The second study reporting enhancement of the P3 is Kaipio et al. (1999), wherein 11 patients with closed head injuries were included and exposed to a passive design as they were instructed to ignore standard and deviant (600 and 660 Hz, respectively) tones as well as complex Novel sounds presented during a visuomotor tracking task. Enhancement of a later portion of the Novelty P3 (350–450 msec) was shown over Cz. No lesion effects were seen over frontal electrode sites. The findings were taken to indicate enhanced processing of novel sounds. Six patients were described to have predominantly frontal damage, one no parenchymal lesion, one retained fluid in the sphenoid sinus, one subcortical diffuse axonal injury, and two temporal lobe lesions. Information on exact lesion site or size was not provided. Although this study might elucidate general effects of acquired brain injury, it is not well suited to provide information about the distinct relationship between subregions of the frontal lobes and novelty processing.

Taken together, differences in lesion location, study design, Novelty P3 scalp distribution, and sample size across studies render direct comparisons with earlier studies difficult. However, the differing results might indicate that an enhancement of the posterior P3 is associated with passive paradigms and emotionally laden stimuli. Contrasting the effect of predominantly cognitive and emotionally charged tasks on the P3 complex in patients with OFC lesions is needed to address this issue. A strength of the current study is the size of the OFC group and the active nature of the task. The findings in this study are in line with an animal study where neurons that responded to novel but not to familiar visual stimuli and habituated rapidly were demonstrated in the anterior OFC of the rhesus macaque monkey (Rolls, Browning, Inoue, & Hernandi, 2005).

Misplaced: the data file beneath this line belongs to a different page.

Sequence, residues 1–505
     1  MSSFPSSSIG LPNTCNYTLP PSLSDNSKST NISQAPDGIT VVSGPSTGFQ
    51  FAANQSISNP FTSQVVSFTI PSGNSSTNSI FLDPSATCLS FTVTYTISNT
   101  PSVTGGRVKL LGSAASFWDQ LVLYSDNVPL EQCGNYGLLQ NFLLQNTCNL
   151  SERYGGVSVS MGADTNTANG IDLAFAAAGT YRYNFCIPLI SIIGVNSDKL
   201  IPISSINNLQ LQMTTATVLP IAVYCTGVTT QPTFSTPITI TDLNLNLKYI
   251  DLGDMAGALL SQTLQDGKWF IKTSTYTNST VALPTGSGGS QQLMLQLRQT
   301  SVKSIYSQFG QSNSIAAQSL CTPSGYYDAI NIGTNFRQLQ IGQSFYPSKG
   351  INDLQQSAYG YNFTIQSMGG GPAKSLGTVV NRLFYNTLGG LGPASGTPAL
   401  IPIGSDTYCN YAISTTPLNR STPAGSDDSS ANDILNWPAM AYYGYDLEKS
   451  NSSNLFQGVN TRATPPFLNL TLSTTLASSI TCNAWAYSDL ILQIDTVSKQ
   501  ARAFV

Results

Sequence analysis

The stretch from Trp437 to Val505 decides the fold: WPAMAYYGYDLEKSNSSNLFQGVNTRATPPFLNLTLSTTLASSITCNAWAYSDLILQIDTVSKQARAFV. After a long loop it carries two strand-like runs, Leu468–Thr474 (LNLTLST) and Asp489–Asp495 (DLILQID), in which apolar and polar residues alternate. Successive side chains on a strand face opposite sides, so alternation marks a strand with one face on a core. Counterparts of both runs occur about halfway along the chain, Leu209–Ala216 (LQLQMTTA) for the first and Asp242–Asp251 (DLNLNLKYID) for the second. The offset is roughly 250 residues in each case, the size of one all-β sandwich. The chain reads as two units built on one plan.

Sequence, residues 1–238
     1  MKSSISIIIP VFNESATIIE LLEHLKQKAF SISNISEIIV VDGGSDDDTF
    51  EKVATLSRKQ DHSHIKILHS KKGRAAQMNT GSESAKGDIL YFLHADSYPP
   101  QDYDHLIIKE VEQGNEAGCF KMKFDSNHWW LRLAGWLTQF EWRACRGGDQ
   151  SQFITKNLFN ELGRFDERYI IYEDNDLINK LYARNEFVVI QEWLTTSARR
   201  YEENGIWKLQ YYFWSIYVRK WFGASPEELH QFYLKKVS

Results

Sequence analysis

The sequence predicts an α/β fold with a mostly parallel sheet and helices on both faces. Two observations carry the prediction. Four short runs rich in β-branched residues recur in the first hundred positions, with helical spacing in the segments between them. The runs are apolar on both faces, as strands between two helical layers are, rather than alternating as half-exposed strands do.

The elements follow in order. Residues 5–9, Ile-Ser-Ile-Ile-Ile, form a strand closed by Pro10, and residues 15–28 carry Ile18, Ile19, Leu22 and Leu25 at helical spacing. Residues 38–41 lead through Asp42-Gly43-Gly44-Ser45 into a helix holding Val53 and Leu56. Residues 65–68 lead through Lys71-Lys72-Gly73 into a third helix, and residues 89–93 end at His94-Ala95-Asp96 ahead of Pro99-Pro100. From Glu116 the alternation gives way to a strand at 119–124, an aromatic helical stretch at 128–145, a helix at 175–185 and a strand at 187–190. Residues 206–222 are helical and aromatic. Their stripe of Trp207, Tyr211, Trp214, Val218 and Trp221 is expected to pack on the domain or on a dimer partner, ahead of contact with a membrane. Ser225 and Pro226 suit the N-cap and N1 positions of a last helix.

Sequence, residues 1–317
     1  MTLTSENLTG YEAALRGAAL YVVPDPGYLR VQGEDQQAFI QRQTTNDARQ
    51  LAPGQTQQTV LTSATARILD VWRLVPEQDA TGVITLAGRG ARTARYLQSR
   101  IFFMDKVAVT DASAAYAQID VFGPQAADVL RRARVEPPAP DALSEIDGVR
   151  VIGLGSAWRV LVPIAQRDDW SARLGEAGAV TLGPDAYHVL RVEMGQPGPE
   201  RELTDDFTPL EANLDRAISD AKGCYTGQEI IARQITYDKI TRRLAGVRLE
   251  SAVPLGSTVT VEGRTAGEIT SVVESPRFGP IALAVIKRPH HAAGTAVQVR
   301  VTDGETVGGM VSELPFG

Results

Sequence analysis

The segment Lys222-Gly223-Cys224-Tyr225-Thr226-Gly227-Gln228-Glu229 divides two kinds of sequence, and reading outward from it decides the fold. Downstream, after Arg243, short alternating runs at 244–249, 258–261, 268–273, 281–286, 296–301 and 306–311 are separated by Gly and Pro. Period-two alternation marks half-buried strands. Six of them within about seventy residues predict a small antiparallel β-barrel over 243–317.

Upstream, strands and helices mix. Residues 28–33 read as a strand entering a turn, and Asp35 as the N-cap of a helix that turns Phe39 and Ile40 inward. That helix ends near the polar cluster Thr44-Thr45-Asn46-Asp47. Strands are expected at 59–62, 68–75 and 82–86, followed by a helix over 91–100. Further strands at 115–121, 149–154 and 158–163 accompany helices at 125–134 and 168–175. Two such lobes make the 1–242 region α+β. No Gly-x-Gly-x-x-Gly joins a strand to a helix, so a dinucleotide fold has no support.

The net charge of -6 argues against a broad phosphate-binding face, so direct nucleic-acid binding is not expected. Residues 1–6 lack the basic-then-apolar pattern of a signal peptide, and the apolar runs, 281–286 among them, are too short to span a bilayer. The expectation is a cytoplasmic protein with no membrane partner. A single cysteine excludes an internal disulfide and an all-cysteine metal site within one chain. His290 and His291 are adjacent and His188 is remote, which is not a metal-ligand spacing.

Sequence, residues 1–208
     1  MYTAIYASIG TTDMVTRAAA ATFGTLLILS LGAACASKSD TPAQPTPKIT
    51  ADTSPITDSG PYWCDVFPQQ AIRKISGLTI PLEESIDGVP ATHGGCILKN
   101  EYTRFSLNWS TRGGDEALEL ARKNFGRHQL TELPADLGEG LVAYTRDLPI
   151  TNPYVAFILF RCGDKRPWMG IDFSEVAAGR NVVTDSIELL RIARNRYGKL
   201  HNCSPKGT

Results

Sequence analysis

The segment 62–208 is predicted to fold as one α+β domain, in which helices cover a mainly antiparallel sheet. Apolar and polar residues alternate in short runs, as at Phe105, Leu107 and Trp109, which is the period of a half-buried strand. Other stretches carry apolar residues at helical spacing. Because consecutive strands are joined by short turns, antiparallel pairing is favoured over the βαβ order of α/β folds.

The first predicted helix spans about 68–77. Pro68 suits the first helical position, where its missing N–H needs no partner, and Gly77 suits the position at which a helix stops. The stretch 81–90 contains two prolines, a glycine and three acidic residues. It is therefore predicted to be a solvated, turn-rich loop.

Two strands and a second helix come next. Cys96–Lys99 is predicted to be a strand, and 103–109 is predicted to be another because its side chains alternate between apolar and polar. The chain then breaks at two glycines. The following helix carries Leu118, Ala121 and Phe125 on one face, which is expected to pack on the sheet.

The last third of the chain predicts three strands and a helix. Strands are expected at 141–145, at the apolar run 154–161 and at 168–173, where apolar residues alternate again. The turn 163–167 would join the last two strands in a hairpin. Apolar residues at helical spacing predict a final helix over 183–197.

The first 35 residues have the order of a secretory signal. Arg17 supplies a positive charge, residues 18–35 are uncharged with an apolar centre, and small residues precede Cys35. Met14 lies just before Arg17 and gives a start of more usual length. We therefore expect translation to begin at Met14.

Variation in lesion etiology between the two patient groups and within the OFC group might contribute to the findings in this study. All LPFC patients had undergone resections of unilateral LGG. The majority (8 of 13) of patients with OFC lesions had undergone resection of large meningiomas, four suffered TBI, and one had an LGG. The studies performed by Daffner et al. (2000, 2003) included only patients with cerebrovascular insults, whereas in Knight's initial ERP study of frontal novelty processing (Knight, 1984), 7 of 14 patients had tumor resections, 5 had cerebrovascular, 1 had trauma, and 1 had abscess resection. Stuss and Alexander (2007) note that their studies of the neuropsychological effects of focal frontal lesions have demonstrated that lesion location is more important than etiology. Of note, despite the differing etiologies, the Daffner et al. and Knight studies yielded parallel results on Novelty P3 reductions after LPFC damage. The subgroup analysis of the OFC group in this study demonstrated that the Novelty P3 reduction was evident both in patients with tumor resections and in the TBI patients, indicating that the findings were not restricted to a specific etiology.